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The Ram 1500 gets a much needed heart transplant

Ford isn't the only company that can dish out full-size pickups with relatively decent fuel economy these days. Ford made headlines two year ago (and saw sales of V6 engines skyrocket) when it introduced an all-new 3.7-liter V6 engine and 3.5-liter EcoBoost V6 for its best-selling F-150.
Not one to let Ford sit around and bask in the media and sales spotlight, Chrysler is giving its 2013 Ram 1500 a heart transplant as well. In this case, instead of the tired old 3.7-liter V6 that has soldiered on as the base engine in the Ram 1500 for far too long, it has been replaced by Chrysler's corporate V6: the 3.6-liter Pentastar.
Whereas the old 3.7-liter engine produced 215hp and 235 lb-ft of torque, the Pentastar V6 blows those numbers out of the water with 305hp and 269 lb-ft of torque. For comparison, Ford's based 3.7-liter V6 engine in the F-150 generates 300hp and 275 lb-ft of torque.

3.6-liter Pentastar V6
Despite the massive increase in power and torque, fuel economy has also gone up significantly with the new Pentastar V6. Fuel economy numbers increase from 14/20 (city/highway) with the old 3.7 to 18/25 with the new 3.6 in 4x2 trim (these figures are also ahead of the 3.7-liter V6 in the Ford F-150 which is rated at 17/23).
It also helps that the '13 Ram 1500 makes use of a new 8-speed automatic transmission to help boost fuel efficiency.
Even though the V6 doesn't have as much "grunt" as the Hemi V8 option, Inside Line says that the Ram 1500's new base engine is enough to propel the pickup to 60 mph in just 7.5 seconds.

2013 Dodge Ram 1500
All of this newfangled technology doesn't come for free, however. The '13 Ram 1500 with the Pentastar V6 and 8-speed automatic transmission starts at $23,585 compared to $22,420 for the '12 Ram 1500 with the 3.7-liter V6 and 4-speed automatic transmission.
With both Ford and Chrysler stepping up to the plate with power and efficiency for the full-size pickups, all eyes should now be on General Motors and its Silverado 1500/Sierra 1500.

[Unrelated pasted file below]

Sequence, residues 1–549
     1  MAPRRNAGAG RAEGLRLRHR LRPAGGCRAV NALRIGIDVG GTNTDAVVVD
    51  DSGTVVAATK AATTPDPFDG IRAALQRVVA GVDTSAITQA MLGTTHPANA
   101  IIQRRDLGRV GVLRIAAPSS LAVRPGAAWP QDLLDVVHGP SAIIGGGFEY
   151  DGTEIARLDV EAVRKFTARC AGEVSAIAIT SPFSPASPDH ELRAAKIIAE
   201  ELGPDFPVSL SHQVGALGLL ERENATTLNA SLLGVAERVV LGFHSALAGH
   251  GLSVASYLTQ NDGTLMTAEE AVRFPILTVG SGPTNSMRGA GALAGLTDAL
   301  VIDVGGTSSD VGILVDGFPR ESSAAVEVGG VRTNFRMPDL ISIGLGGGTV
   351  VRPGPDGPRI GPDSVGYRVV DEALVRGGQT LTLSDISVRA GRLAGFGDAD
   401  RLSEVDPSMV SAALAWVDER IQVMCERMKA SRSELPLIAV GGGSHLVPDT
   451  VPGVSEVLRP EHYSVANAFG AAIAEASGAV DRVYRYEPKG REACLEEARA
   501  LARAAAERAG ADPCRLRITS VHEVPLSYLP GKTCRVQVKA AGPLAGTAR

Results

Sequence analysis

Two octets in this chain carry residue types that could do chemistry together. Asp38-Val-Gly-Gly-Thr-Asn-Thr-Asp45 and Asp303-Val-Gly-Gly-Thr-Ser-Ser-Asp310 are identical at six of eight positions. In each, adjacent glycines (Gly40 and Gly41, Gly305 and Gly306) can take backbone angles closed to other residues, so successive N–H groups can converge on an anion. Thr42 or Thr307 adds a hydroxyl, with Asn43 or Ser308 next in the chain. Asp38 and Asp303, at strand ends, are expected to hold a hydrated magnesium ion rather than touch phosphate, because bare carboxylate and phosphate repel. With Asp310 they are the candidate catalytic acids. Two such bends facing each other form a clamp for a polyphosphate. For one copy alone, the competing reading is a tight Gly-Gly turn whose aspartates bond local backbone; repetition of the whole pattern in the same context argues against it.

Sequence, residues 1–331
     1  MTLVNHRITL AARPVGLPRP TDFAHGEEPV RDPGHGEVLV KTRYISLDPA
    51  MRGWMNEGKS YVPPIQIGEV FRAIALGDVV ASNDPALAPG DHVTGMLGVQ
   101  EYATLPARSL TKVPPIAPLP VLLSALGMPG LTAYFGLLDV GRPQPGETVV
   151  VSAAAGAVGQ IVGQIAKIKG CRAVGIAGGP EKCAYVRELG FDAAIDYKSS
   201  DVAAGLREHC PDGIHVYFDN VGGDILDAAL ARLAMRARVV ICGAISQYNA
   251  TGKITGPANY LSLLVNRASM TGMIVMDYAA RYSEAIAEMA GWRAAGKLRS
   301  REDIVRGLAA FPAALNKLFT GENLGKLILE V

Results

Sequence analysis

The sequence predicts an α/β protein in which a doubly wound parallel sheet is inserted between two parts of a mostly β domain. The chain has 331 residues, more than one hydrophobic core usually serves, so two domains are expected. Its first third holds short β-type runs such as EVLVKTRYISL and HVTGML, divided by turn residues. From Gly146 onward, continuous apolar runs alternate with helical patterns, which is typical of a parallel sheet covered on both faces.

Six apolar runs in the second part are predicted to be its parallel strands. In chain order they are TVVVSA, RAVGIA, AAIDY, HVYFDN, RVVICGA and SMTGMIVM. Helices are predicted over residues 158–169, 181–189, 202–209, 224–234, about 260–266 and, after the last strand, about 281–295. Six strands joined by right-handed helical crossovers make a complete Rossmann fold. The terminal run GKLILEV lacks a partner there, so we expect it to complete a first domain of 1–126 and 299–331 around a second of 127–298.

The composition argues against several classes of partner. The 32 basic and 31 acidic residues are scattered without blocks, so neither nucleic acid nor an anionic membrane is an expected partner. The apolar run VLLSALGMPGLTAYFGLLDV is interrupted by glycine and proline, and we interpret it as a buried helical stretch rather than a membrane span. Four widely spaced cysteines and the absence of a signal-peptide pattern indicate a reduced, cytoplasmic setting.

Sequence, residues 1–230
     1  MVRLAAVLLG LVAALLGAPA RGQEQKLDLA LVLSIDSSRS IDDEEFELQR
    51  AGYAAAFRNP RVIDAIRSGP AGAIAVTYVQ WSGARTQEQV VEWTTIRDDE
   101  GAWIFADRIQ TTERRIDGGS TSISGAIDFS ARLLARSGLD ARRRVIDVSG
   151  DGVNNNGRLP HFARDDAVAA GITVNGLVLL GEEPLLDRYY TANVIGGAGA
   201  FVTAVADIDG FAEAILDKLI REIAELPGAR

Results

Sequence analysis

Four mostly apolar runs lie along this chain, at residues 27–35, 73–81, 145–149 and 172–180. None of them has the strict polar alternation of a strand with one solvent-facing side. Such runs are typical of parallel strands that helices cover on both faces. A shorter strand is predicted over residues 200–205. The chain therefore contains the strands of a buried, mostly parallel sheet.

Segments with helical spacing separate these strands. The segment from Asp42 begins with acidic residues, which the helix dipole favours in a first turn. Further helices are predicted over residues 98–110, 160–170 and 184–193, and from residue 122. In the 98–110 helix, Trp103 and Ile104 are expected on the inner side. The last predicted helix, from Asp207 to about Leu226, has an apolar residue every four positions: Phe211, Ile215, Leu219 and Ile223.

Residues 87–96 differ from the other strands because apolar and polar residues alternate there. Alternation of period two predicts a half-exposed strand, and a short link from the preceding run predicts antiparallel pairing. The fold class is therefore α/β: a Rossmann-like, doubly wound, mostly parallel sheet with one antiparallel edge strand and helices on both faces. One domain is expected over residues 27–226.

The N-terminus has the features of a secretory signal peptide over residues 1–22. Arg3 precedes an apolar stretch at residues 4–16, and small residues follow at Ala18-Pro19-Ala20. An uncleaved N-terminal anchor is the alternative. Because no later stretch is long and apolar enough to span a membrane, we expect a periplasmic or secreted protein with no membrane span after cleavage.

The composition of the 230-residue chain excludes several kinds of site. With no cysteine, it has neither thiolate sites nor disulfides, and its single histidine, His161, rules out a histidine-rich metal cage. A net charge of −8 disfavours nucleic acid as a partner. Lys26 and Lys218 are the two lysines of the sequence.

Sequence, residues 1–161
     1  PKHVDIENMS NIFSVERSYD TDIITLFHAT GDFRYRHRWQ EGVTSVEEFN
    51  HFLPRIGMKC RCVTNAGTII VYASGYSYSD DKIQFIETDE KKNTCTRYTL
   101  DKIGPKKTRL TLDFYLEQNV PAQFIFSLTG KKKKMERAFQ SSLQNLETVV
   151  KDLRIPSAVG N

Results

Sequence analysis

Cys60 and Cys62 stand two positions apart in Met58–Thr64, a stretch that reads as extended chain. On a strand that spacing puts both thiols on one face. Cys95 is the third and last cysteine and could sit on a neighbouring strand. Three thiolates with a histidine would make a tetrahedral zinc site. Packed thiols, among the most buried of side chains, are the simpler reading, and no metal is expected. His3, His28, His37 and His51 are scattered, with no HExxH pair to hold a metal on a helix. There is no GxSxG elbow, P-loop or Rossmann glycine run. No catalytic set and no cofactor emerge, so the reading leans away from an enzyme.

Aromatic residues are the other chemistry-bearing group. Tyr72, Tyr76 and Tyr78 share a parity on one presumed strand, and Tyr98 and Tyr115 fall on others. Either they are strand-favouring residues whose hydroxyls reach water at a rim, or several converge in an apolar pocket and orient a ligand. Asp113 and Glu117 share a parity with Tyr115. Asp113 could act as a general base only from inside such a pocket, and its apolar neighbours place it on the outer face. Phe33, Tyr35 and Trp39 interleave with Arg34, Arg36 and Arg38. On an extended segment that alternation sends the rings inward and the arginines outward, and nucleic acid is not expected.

Sources: Chrysler, Inside Line

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RE: Worth the extra $1165
By Spuke on 8/24/2012 2:09:21 PM , Rating: 2
Revving to the moon and shifting a thousand times to compensate doesn't sound very impressive or desireable in a truck.
You do realize that over the road trucks have 10, 12 or more speeds, right? Easier to keep the engine in its sweet spot. I'd MUCH rather have an 8 speed in my diesel than the current 5. You can keep your old POS two speed powerglide.

RE: Worth the extra $1165
By semiconshawn on 8/24/2012 2:59:36 PM , Rating: 1
Of course you would. Your deisel would shift probably a third as much as that v6 with the same tranny. and blow it apart (just saying). A commercial truck? Why is that relevant? A tank has tracks. Its a tool not a consumer vehicle. Point is the sweet spot of that v6 is small and high to have any go your always going to be shifting to get there and I have yet to be in a vehicle I wanted to feel shifting more often. Also these 25mpg numbers are because the transmission is in a big hurry for top gear. Real world will have you killing that number if you ever want to accelerate. Shifting a small motor a million times is not the answer in a consumer level truck. You want to argue that shifting a BIG motor a million times in a truck carrying/pulling 60,000 lbs.? That another argument.

RE: Worth the extra $1165
By Spuke on 8/24/2012 6:03:32 PM , Rating: 2
A commercial truck?
LOL! You're cracking me up dude. An engine is an engine and keeping an engine in its sweet spot is desirable across the board. That's part of how the automakers are getting better fuel economy for cars and trucks. There's no magic to this. Even if I had the gas V10 in my truck I'd STILL rather have an 8 speed tranny. If you notice, the newer pickups have 6 speeds (some have had them for a few years now) but more gears is desirable not less. You really think the engineers sit back and say, "well this engine is going in a consumer truck so less make it have less gears". LMAO! Like I said, more gears the easier to keep the engine in its powerband and the more it's in its powerband, the more efficient it runs. Why do you think hybrids have CVT's?

RE: Worth the extra $1165
By JediJeb on 8/27/2012 1:19:10 PM , Rating: 2
I can see needing more gears if you are pulling a heavy load most of the time, but in my F150 I usually only use 1,3,5 unless I am hauling something heavy. I can easily be in 5th gear by the time I hit 35mph, so why would I want to shift 6 or 8 times up to that point?

RE: Worth the extra $1165
By YashBudini on 8/24/2012 11:53:21 PM , Rating: 1
You do realize that over the road trucks have 10, 12 or more speeds, right? Easier to keep the engine in its sweet spot.

That has more to do with working with a very small power band, ie red-line is relatively low in large displacement diesels. And somehow I don't see the torque curve on such engines as being rather peaky.

You can keep your old POS two speed powerglide.
I've heard unconfirmed stories some racers loved them because the early ones were indestructible. Can't confirm. They were dogs on the street, and the more often you floored it the gear change would slowly creep up in RPM (voice of experience and 2 busted rocker arms talking here.)

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